hors'-lech (`aluqah; compare Arabic `aluqah, "ghoul," and `alaqah, "leech," from root `aliq, "to cling"; Septuagint bdella, "leech"): The word occurs only once, in Pr 30:15, the Revised Version margin "vampire." In Arabic `alaqah is a leech of any kind, not only a horse-leech. The Arabic `aluqah, which, it may be noted, is almost identical with the Hebrew form, is a ghoul (Arabic ghul), an evil spirit which seeks to injure men and which preys upon the dead. The mythical vampire is similar to the ghoul. In zoology the name "vampire" is applied to a family of bats inhabiting tropical America, some, but not all, of which suck blood. In the passage cited the Arabic Bible has `aluqah, "ghoul." If leech is meant, there can be no good reason for specifying "horseleach." At least six species of leech are known in Palestine and Syria, and doubtless others exist. They are common in streams, pools, and fountains where animals drink. They enter the mouth, attach themselves to the interior of the mouth or pharynx, and are removed only with difficulty.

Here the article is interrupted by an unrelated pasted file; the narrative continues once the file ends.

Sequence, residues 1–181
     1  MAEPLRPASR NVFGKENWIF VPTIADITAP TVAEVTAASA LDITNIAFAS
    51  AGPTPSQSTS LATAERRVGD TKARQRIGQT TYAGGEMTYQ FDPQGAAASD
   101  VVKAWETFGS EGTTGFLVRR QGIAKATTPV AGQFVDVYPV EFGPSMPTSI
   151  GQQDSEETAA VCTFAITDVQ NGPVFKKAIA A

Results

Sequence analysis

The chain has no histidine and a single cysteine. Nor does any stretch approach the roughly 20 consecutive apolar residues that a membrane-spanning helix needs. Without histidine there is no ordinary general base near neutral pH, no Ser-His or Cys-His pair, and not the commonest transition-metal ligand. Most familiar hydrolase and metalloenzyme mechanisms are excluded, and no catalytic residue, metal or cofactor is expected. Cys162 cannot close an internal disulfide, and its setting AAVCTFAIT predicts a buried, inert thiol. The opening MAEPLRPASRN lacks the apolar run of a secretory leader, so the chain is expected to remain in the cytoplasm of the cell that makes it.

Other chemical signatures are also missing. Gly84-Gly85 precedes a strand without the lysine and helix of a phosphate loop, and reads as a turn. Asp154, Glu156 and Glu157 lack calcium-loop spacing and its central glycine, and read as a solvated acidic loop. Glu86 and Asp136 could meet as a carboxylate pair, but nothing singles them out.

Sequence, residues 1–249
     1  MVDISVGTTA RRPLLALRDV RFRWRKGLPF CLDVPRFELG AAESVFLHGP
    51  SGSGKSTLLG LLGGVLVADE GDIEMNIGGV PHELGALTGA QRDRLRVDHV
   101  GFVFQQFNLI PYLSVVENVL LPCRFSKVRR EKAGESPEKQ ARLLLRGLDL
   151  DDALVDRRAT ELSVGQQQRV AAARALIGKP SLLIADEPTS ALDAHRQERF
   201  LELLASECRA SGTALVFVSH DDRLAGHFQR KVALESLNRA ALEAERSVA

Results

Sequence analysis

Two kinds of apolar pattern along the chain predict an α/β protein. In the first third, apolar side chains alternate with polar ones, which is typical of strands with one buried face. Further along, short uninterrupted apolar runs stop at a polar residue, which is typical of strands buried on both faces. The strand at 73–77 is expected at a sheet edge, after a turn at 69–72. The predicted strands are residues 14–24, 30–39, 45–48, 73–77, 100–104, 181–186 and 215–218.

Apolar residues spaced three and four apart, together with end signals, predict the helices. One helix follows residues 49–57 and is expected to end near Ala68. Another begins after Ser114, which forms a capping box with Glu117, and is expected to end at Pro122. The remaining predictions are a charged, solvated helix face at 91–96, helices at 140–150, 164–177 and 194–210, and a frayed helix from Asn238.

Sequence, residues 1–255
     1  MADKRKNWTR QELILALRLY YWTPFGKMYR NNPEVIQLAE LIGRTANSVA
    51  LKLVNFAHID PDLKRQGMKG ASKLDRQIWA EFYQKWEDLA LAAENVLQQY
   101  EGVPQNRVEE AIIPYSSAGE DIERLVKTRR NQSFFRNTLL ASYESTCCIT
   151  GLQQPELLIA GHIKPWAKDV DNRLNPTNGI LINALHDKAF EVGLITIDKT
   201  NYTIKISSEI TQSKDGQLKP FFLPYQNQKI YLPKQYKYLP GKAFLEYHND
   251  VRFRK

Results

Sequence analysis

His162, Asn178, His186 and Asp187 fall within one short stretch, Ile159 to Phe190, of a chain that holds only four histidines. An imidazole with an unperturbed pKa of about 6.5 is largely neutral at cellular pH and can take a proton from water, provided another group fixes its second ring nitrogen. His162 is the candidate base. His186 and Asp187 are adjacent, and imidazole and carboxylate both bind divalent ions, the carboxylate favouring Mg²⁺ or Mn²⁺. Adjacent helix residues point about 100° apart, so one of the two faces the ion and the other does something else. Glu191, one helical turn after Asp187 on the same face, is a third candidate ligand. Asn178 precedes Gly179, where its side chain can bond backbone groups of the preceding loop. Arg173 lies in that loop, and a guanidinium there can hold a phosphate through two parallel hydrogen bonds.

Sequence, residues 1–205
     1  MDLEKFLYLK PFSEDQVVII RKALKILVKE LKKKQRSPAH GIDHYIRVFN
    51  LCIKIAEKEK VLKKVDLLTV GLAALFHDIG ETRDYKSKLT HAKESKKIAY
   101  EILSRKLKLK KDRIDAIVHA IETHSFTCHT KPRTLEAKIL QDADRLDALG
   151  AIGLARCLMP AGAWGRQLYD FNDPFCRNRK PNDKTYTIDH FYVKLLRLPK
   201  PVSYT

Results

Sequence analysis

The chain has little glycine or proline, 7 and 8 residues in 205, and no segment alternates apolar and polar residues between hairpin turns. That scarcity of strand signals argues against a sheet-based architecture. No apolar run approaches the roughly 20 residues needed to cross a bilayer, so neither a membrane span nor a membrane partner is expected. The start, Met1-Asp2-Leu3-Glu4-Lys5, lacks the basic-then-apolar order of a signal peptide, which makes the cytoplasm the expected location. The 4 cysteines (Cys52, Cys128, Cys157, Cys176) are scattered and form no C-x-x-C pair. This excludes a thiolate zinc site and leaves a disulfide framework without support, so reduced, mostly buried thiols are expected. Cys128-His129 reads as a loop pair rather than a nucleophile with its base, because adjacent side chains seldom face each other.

Alfred Ely Day